Methodology (2): The description proper
Gross morphology: size and shape – This is described before the formal description to acquaint the reader with an idea of how big the organism might be. Overall measurements can be given here although they are not obligatory, but details of component parts are preferably left to the relevant section. Indeed, illustration(s) at some easily recognisable scale (for example, × 1, × 5, × 100), in conjunction with these details in the text, will do more to convey the gross morphology at this stage than too many measurements.
Morphological description of the taxon – The component parts of a taxon are described under easily located sub-headings, following a regular and consistent order, dependent on the group being described. A checklist is developed for each main group of structures that may be met in that group of organisms (). This not only ensures that the writer can describe the taxon quickly and know that all the relevant information has been given, but also that the reader can compare individual taxa quickly and easily. Such a checklist will aid observers in realising what is absent as much as what is present.
The essence of a good description is to keep it clear and simple. Remember that some readers have to translate using a dictionary. Technical terms may be unavoidable or preferable because they act as scientific ‘shorthand;’ for example, “adambitally” meaning “towards the ambitus” or the widest part of an echinoid test. When simpler alternatives are available they should be used; for example, rather than write ‘cothurniform,’ if a fossil is ‘boot-shaped,’ then say so.
Plates, figures and tables – An old adage says that a good photograph is worth a thousand words. The purpose of good illustrations in a systematic description is to acquaint the reader with what the taxon actually looks like, and helps to bring to the attention of the reader all the relevant characters of the species. This can be achieved with photographs and artwork. Specimens are photographed with the lighting conventionally biassed from the top left hand side (colloquially know as ‘top left lighting’). Hand-drawn artwork is useful to emphasise a feature not necessarily obvious in a photograph. Standard views of the taxon are needed, for example, top, bottom, side, front, back and various close-ups; all should be included whenever possible.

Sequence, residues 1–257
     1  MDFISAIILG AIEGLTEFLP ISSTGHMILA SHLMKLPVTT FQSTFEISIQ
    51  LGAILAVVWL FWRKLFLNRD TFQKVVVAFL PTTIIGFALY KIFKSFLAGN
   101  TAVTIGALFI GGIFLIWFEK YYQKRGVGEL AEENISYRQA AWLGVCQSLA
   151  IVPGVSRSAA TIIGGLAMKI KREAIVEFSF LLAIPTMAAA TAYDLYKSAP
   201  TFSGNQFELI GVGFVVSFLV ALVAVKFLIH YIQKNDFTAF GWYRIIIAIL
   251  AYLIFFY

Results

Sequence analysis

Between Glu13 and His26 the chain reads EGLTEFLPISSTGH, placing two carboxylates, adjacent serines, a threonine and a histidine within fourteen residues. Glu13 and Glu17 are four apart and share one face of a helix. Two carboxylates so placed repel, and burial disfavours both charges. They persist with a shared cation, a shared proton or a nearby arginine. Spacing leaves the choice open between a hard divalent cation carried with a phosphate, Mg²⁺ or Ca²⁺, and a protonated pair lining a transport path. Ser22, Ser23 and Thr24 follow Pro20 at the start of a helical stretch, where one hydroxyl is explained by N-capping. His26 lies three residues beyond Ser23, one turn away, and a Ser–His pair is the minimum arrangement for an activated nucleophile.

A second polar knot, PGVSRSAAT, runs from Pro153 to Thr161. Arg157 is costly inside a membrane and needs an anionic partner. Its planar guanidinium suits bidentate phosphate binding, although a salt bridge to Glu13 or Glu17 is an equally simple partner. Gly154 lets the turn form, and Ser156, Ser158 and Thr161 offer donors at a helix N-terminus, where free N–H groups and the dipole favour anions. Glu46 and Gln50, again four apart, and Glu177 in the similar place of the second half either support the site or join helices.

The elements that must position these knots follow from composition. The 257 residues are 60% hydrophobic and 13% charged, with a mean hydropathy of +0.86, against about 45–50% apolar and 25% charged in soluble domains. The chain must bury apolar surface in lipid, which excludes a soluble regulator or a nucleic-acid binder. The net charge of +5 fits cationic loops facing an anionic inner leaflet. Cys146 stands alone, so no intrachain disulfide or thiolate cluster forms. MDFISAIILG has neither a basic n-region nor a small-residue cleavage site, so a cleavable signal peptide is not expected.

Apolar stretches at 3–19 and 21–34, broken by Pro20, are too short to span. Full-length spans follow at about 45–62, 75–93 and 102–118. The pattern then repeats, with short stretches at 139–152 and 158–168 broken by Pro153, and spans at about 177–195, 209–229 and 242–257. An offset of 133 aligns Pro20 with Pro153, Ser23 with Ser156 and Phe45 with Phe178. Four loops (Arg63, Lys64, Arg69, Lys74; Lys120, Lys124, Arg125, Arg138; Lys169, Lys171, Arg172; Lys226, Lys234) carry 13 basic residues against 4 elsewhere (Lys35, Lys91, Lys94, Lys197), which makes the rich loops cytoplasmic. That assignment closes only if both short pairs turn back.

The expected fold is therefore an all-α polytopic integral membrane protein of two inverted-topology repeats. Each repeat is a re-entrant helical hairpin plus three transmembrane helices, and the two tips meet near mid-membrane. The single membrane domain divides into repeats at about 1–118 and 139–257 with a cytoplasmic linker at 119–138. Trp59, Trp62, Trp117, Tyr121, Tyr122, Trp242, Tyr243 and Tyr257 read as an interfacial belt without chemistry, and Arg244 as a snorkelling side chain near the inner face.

Whether the illustrations are published as plates or text figures, or both, depends on the journal style. Whichever style is used, adequate explanations of the figures are needed, and should at least include the name of the image, its view, its museum or institution reference number, if appropriate, and a scale. More detailed information can also be included (for example, the locality and geological information), but that may also depend on journal policy. It is a general rule that a good figure can only be further enhanced by an informative caption.